UK Space Industry – Failure to Launch

An image of a rocket launch
Adaora Elliott

The Virgin Orbit ‘Start Me Up’ Mission consisted of the Cosmic Girl, a modified Virgin Atlantic Boeing 747, being used as a launching mechanism for the LauncherOne rocket. It had its seats removed, its upper deck converted into a control centre for launch engineers, and a LauncherOne Rocket fitted under its left wing. Adaora Elliott discusses how the UK’s first attempt to send a rocket into space was a failure and what exactly went wrong… 

After the Cosmic Girl took off from Spaceport Cornwall, it flew over the Atlantic Ocean, and released the rocket continuing on into Earth’s orbit, going through various stages to try and reach a higher target orbit. It was set to launch vertically rather than horizontally, hence the use of the plane, as this was thought to be a more dependable method of launching.

it was less weather dependent, which was  important for a UK launch, and required less ground infrastructure. Cosmic Girl was eventually set to launch at 22:16 Monday 9th January after some delays but as the night passed, the Cosmic Girl ended up being a Cosmic Fail.

Its official aim was to launch seven satellites into space, with a variety of missions such as preventing terrorism and illegal activities and reducing our environmental impact. But more than that its aim was to make history as the first space launch to be end-to-end serviced by the UK. 

Small commercial satellites could be conceptualised and designed, manufactured, tested and launched all in the UK. The United Kingdom was hoping to raise its profile globally, becoming a big player in the space race and a leading space nation. And it certainly made some headway but there will be a lot of space for improvement in the next year alone. 

The CAA (Civil Aviation Authority??) has issued nearly 150 satellite licences since it became the UK’s first space regulator in July 2021, including the one issued to the Start Me Up Mission in November 2022. The UK has only ever completed one orbital launch before, Black Arrow in 1971, which took off in Australia, so to be able to successfully launch from the UK would have been monumental.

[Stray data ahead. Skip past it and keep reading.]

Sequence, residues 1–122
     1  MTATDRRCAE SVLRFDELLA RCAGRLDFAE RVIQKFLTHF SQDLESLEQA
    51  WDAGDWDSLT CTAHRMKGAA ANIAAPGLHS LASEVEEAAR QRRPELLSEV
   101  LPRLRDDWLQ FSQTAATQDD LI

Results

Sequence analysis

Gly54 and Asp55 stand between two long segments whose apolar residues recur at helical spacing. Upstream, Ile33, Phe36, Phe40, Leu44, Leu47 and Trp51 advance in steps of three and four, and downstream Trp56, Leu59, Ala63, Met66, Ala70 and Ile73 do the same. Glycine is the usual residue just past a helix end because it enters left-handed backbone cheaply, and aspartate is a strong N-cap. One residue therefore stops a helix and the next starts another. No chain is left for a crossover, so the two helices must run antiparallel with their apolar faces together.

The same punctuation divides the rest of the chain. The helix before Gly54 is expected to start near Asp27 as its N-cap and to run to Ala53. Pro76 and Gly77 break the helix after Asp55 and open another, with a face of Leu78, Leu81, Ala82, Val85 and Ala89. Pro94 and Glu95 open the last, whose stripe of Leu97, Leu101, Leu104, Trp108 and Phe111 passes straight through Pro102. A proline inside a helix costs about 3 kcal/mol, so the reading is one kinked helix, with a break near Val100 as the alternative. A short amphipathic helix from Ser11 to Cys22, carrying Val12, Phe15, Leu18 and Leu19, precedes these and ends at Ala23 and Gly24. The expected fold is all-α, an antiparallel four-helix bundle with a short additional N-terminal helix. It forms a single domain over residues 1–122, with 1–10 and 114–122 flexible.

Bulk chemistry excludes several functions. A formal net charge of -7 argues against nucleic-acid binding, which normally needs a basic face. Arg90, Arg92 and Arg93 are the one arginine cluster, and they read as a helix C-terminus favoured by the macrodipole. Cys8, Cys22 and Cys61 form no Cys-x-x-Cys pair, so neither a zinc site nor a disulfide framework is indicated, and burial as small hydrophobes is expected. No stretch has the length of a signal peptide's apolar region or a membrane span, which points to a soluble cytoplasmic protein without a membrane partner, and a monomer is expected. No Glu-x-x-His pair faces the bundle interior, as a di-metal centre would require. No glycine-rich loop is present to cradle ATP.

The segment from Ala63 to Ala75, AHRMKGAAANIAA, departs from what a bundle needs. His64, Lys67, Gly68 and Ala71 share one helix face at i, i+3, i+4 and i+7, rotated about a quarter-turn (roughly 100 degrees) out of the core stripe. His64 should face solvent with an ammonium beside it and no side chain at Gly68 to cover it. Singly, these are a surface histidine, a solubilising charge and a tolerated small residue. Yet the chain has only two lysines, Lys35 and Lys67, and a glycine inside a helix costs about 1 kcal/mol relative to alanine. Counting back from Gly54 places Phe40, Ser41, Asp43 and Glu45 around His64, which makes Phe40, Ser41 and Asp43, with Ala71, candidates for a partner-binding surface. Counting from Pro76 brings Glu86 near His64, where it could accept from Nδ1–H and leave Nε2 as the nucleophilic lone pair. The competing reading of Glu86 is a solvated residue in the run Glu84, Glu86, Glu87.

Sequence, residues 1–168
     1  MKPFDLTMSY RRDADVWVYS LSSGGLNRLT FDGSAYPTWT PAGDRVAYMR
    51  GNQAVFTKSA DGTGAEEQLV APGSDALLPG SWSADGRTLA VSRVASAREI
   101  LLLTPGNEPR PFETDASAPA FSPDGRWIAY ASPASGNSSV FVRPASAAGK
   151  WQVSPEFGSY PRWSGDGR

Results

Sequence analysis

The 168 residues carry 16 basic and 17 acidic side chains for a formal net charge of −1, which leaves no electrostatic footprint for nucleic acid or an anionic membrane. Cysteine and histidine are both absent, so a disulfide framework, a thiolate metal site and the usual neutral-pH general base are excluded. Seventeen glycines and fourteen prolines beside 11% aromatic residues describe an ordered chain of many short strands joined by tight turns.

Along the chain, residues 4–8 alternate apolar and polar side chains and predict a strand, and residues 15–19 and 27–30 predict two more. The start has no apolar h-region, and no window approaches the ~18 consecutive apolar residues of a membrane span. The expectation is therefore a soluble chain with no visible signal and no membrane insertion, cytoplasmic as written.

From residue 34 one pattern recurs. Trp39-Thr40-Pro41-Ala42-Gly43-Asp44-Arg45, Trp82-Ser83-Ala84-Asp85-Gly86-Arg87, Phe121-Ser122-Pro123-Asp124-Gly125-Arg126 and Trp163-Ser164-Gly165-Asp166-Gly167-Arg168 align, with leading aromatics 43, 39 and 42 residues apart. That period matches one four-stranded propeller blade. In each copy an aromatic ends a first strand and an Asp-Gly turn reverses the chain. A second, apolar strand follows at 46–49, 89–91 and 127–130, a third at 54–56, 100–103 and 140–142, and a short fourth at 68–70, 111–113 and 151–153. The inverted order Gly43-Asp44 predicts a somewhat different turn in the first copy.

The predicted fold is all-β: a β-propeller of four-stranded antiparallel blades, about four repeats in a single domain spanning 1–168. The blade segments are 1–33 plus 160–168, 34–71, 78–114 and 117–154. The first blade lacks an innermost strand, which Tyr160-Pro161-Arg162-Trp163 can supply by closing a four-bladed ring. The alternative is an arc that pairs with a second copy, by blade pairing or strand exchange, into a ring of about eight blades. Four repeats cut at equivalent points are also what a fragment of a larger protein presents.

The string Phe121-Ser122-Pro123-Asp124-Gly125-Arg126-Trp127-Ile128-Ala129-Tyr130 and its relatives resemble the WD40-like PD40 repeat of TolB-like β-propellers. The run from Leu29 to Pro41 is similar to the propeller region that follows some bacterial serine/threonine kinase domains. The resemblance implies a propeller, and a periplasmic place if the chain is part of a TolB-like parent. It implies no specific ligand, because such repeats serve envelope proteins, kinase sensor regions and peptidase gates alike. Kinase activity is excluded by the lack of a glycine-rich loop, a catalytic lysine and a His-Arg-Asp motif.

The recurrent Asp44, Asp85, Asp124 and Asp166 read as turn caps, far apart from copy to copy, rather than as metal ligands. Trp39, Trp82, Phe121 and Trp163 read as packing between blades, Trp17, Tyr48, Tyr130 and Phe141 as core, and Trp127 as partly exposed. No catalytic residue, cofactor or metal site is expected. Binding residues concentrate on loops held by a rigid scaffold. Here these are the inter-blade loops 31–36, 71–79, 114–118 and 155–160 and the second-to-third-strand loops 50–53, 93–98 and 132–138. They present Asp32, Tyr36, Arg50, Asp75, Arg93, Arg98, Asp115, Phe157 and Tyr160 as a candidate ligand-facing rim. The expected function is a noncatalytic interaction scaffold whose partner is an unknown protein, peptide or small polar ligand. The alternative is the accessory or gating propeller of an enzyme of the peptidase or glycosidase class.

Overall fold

it was certainly a disappointment and did put a dampener on the UK’s plans to seriously join the global space race.

Cornwall was chosen as a launch site because it was the perfect mix of active businesses, research centres and facilities, close to good transport infrastructure but also far enough away from densely populated areas in case of a mission failure.  The failure of the launch saw the failure of many firsts, not just the first UK Launch but the first international Virgin Orbit launch, the first commercial launch from Western Europe, the first satellite built in Wales, the ForgeStar-0, and the launch of the first satellite from Oman.

The failure occured during the firing of the rocket’s second-stage engine when it was travelling at a speed of around 11,000 miles per hour. The system experienced an anomaly and ended the mission prematurely, causing the Rocket to fall, likely over the Ocean and was likely to burn up and break apart upon re-entry. 

The exact reasoning for this is still under investigation but one of the main possibilities right now is that the rocket failed to reach the 17,000 miles per hour speed that was needed to get to the correct altitude. It has been argued that the reason behind why the rocket slowed down was possibly due to the fact that the rocket’s casing did not fall away as it was supposed to or because the rocket’s engine only burnt for one minute instead of three. 

The mission failure was not an unmitigated fiery disaster like other space launch failures that we are familiar with from NASA, SpaceX and Hollywood movie disasters. It was able to launch and reach space after all, and this result was not even entirely unexpected either as there was a 27% chance of failure on this particular mission. However, it is still safe to say that it was certainly a disappointment and did put a dampener on the UK’s plans to seriously join the global space race.

“Yes, space is hard, but we are only just getting started.”

This isn’t the end for the UK’s ambitions in space.  This particular mission was made possible by a collaboration between the UKSA (UK Space Agency), the CAA, the FAA (USA’s Federal Aviation Administration), Virgin Orbit, the National Reconnaissance Office, the Royal Air Force and the US Department of Defense. 

The mission may have been a failure but all of those relationships still exist and we are now in a place where processes can be replicated and adapted to produce successful results. UKSA and Spaceport Cornwall both claim that they would like to try the launch again within the year and Cornwall won’t be the only one racing for a successful UK launch. 

Matt Archer, Director of Commercial Spaceflight at UKSA, still believes that the UK can become a leading provider of commercial small satellite launches in Europe and has plans to do a more traditional vertical launch such as at Saxa Vord Spaceport which has plans on Unst, in the Shetland Islands and by rocket-manufacturer Orbex in Sutherland, along with four other UK spaceports that have been developed. 

The drive to launch the UK into space is very much still alive, and we can see that the effort put into the launch demonstrates that a successful UK space launch is possible and as the head of Spaceport Cornwall, Melissa Thorpe, quotes, “Yes, space is hard, but we are only just getting started.”

Adaora Elliott 

Featured image courtesy of SpaceX via Unsplash. Image license found here. No changes were made to this image.

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